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Delivering a Verdict in Civil Litigation

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  • 0:06 Just How Does a Civil…
  • 2:12 Types of Verdicts
  • 4:54 Summary
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Lesson Transcript
Instructor: Kat Kadian-Baumeyer

Kat has a Master of Science in Organizational Leadership and Management and teaches Business courses.

In any court case, the end result is a verdict. However, there are several roads that lead to the verdict, including motion to dismiss, directed verdict, special verdict and judgment notwithstanding the verdict.

Just How Does a Civil Case End?

Have you ever gone to the hair salon only for it to end in a horrible hair experience? Penelope experienced just that! After doing some online research about the best salons in her area, Penelope decided on Looking Good Salon for her new permanent wave.

Serena the hairdresser seemed competent enough. So, in a frenzy of curls and whirls, Penelope's hair was wrapped and ready for the treatment. Everything seemed okay until Penelope noticed a foul odor emitting from her locks...like the smell of burnt hair! Serena quickly doused Penelope's head with water and assessed the damage. You guessed it - Penelope lost most of her hair to a violent chemical reaction.

Penelope waged a civil lawsuit against Looking Good Salon, specifically Serena, for negligence by irreparable damage to her hair. In a civil trial like this, Penelope is the plaintiff, the person initiating the lawsuit, and she hopes for a jury to decide in her favor. Serena is the defendant, the one who allegations have been levied against.

At the end of the civil trial, a decision will be made either for or against the plaintiff, Penelope. The decision, whether made by a jury or a judge, is called a verdict and is nothing more than a formal decision on the case. It is fairly cut and dry in most cases. But when a jury or a judge considers the outcome in a civil case, there are a couple of things that come into play: evidence presented by either party and properly applying the law.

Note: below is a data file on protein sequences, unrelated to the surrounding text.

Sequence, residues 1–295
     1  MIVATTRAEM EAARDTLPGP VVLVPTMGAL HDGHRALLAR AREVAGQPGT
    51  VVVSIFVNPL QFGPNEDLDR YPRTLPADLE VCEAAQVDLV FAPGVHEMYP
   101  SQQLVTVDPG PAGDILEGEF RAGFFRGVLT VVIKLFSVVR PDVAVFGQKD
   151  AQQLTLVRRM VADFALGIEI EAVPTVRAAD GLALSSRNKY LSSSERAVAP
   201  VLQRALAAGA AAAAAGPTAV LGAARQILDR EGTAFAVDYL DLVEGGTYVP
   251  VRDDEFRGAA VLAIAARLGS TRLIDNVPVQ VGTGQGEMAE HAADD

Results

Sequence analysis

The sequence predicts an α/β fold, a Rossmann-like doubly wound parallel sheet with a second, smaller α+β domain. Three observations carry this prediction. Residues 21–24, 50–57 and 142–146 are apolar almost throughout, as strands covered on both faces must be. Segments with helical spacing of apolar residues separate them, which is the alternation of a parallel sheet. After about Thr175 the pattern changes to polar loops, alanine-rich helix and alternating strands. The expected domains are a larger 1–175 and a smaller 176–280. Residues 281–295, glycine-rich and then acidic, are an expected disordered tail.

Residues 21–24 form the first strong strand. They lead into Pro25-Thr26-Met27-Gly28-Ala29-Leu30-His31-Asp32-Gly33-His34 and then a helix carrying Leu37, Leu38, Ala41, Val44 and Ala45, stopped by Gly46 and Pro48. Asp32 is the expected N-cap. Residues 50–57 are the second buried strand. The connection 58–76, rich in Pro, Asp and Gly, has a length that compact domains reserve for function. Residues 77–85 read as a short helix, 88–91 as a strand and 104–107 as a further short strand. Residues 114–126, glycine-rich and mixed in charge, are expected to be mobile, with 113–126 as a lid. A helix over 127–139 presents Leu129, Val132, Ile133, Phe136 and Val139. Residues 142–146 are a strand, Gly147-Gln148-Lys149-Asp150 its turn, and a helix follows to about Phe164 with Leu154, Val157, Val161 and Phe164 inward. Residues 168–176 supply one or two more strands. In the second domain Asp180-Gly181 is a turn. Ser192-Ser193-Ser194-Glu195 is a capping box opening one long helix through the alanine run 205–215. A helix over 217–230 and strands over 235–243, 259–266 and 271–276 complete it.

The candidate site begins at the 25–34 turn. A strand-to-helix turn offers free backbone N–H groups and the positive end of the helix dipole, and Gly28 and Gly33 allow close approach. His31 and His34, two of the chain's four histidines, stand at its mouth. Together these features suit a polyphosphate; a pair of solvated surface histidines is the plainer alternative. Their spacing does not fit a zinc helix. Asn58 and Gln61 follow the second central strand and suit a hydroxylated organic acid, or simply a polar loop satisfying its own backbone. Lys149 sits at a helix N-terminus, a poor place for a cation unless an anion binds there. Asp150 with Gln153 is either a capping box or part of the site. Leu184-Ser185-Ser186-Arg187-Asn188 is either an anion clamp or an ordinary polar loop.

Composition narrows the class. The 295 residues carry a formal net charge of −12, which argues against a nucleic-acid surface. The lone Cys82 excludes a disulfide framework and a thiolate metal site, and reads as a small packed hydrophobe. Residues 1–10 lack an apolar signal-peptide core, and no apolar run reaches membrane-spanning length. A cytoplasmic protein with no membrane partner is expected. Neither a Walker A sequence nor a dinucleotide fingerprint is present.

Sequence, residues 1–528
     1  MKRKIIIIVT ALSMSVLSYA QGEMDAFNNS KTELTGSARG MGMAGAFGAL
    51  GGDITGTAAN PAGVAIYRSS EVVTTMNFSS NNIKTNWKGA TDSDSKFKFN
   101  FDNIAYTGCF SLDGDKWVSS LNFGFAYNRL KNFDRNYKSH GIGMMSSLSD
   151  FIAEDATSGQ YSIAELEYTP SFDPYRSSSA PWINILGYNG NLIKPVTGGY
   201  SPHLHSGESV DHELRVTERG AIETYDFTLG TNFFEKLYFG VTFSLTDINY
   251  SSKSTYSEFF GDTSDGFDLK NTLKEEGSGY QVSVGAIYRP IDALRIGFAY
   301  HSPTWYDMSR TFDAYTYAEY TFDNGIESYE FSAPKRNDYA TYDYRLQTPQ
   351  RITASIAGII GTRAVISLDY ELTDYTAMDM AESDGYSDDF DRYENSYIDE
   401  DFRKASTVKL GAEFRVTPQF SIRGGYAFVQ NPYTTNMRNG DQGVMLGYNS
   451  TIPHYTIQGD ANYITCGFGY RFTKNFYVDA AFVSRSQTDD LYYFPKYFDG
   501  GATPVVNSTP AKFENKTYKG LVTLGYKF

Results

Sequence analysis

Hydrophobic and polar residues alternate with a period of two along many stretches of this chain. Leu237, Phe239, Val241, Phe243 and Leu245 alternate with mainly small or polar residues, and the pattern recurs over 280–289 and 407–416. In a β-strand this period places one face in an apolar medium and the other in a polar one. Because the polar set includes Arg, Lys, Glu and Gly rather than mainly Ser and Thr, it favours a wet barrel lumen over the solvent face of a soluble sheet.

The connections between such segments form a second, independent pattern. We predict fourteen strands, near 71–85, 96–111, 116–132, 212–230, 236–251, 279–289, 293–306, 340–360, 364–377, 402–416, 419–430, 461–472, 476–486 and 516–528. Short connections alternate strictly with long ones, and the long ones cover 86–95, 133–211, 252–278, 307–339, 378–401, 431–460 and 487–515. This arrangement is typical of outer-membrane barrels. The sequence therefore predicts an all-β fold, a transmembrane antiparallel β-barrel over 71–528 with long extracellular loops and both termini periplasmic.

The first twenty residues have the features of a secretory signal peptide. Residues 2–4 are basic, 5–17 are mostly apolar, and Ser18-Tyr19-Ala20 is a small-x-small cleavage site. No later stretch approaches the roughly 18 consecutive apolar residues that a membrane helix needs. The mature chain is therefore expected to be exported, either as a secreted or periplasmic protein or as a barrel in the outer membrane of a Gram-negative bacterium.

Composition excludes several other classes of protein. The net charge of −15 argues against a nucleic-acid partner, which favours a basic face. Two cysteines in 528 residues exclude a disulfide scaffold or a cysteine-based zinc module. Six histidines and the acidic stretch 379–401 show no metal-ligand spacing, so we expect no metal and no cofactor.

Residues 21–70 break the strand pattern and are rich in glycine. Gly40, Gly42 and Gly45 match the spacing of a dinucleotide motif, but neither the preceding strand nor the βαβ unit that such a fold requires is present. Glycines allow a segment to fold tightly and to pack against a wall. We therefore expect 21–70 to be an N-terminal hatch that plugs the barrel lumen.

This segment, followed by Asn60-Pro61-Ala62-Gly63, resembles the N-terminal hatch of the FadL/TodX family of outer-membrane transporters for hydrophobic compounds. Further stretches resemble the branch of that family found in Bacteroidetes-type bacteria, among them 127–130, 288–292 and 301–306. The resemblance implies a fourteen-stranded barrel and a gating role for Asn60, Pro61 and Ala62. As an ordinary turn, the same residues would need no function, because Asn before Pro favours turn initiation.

Evidence is presented and may include testimony, or an account of facts about the case, documentation or objects related to the case, that serve as grounds to prove or disprove something. The jury or judge must also properly apply the law to the case. This means that the jury must understand the allegations and how the law views the same.

Perhaps Serena does not hold a hairdressing license and was taking matters into her own hands. The law will most likely side with the plaintiff because a license is necessary to work with hair. There are a few types of verdicts used in a civil trial. Let's explore a few to better understand their purpose.

Types of Verdicts

There are several types of verdicts that are imposed in a civil trial:

  • General Verdict
  • Special Verdict
  • Directed Verdict
  • Judgment Notwithstanding the Verdict

The most common type of verdict is the general verdict. This will quite possibly be the verdict used in Penelope's case. This verdict comes down from the jury in favor of either the plaintiff or the defendant. Liability is determined and an amount of damages is decided.

Another verdict type is the special verdict and is saved for more complex questions of fact. With this type of verdict, a judge will provide jurors with very specific questions regarding the case. Once the jury answers the questions, the judge will review and decide on the verdict. The purpose of a special verdict is to decide on smaller issues within a larger court case.

To say it a different way, suppose Penelope accused Serena of several different things, making the case more complex. It may be necessary to break the case down into smaller parts and have a jury answer questions specifically about each and every component of the case.

A directed verdict is given when a judge, after listening to the plaintiff, decides that no legal case exists and rules in favor of the defendant because there was not sufficient evidence to prove the case. If Serena followed the product directions, possessed a license to perform the treatment, and violated no laws in doing so, Penelope would have a difficult time providing enough evidence that Serena was at fault.

After all, the burden of proof, or the duty to prove or dispute the facts of the case, is always placed on the plaintiff. In legalese, it is called preponderance of evidence and can be remembered as the standard of proof needed for the plaintiff to actually win the case. The evidence must be enough to convince a jury that the allegations are more likely true than false.

Sadly, not every civil trial ends in a clean verdict. There are times when the jury simply cannot make a clear choice. This hung jury is unable to reach a decision. When this occurs, a mistrial is declared and a new trial must begin.

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